After revamping the original Mark I version with a noticeably lower build, including a plastic mount and no AF distance scale, the EF 50mm f/1.8 II model really didn’t add Canon anything to its reputation as a premium lens maker. It had one redeeming quality, though: its image quality was really very good. The new STM version doesn’t quite match the recently-updated Nikon AFS Nikkor 50mm f1/.8G in its aspirations or price (the Nikkor is available now for around $220); however, Canon has enhanced the look and feel and replaced the old micro-motor with a stepper type. Best of all, the image quality is practically identical and at $129, it remains a steal. Read the review.
- 20.2 MP 1 inch CMOS sensor
- 25x, f/2.8-5.6 optical zoom lens, 24-600mm equivalent
- ISO 125-12800
- DIGIC 6 Image Processor
- 1080p Full HD and Expanded Movie Options
- Built in Wi-Fi and NFC for instant sharing
From the conclusion:
The Canon PowerShot G3 X delivers high quality images across an impressive range of ISO speeds. With an excellent 24-600mm lens, the G3X offers a focal length range that its direct competitors can’t match at this time. The large touchscreen display is sharp and is an acceptable alternative to a viewfinder in many, but not all, situations. The G3X does many things well and has a lot to offer, but it is not without its drawbacks. The G3X’s autofocus performance excels in good conditions but disappoints in lower light. Despite having an excellent focal length for wildlife images, the slow continuous RAW shooting and less than impressive continuous autofocus hampers the G3X’s ability to capture action, particularly at longer focal lengths.
Thanks Niklas. Canon China posted a batch of sample pics shot using the new Canon EF 35mm f/1.4L II lens, announced last week. The EF 35mm f/1.4L II is an innovative lens, featuring Blue Spectrum Refractive optics, a technology developed by Canon.Canon China]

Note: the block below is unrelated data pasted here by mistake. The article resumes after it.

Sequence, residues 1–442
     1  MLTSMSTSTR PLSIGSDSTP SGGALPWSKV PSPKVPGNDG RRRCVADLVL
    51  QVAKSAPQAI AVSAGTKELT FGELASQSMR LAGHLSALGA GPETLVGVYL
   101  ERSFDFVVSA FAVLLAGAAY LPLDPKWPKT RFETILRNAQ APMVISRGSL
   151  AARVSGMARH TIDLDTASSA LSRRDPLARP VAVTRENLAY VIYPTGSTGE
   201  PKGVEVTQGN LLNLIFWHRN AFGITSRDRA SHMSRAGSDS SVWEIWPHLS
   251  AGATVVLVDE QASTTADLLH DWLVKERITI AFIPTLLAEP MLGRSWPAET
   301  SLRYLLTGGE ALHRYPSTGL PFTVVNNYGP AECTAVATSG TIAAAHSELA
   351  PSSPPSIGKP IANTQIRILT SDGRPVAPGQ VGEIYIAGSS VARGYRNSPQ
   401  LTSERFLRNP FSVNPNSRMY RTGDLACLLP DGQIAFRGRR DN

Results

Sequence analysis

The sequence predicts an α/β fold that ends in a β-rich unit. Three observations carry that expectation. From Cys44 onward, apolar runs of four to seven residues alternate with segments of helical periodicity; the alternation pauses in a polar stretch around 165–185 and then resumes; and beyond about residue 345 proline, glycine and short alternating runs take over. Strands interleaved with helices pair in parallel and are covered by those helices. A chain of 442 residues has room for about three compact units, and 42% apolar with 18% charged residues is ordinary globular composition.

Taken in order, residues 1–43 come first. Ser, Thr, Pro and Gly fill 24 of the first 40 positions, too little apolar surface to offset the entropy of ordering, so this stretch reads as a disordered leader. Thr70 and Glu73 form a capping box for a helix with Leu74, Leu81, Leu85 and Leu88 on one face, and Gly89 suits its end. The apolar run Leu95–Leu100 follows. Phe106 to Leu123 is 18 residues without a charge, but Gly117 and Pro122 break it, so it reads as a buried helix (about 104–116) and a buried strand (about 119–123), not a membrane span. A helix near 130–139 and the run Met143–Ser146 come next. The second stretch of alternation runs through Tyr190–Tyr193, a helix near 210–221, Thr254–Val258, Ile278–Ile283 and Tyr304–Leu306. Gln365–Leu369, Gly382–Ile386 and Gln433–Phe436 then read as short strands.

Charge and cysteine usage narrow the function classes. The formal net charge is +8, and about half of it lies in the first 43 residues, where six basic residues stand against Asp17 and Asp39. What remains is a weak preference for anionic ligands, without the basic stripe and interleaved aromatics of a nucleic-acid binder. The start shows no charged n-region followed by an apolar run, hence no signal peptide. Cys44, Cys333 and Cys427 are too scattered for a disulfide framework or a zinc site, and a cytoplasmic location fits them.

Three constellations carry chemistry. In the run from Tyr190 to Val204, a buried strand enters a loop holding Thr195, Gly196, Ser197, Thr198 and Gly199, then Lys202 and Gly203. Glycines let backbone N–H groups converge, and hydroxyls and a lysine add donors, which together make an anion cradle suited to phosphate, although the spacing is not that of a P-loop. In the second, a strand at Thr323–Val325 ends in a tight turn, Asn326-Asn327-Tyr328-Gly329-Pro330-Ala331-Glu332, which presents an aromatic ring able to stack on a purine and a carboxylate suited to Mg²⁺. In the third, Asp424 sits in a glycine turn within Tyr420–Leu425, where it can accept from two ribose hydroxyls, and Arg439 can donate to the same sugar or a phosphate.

Today Canon announced they will introduce the Canon EOS M3 to the US market. To accompany the event, Canon released a sample video shot using the EOS M3 and a score of lenses (EF-M and EF/EF-S). The video above is the sample movie itself, below (after the break) you can watch the making-of of the video, and find all the pre-order links.
Ming Thein is a Nikon shooter. He tested the EOS 5Ds R, and says:
It is clear to me that neither Nikon nor Canon can claim to be decidedly superior at the moment, each with their own strengths and weaknesses – much like their equivalent lens lineups. Canon lacks Nikon’s new f1.8G primes, but Nikon lacks all of the special purpose stuff and some of the zooms – there is no 17 TSE, for starters. There’s no question that if I were a Canon shooter, I’d be very happy at the moment: you have a tool that’s miles ahead of anything else in the system, can hold its own against the competition most of the time, and can pull ahead if the conditions are right. If I shot only subjects under which I could satisfy those conditions – in a studio, or perhaps landscape or architecture – it would be very easy to justify a complete switch.
And: “Since my glass investment is already F mount, it is with great sadness, I have to bid the 5DSR goodbye. I’m missing it already“. There is more. Considerations, comparisons, beautiful sample pictures. Read the review.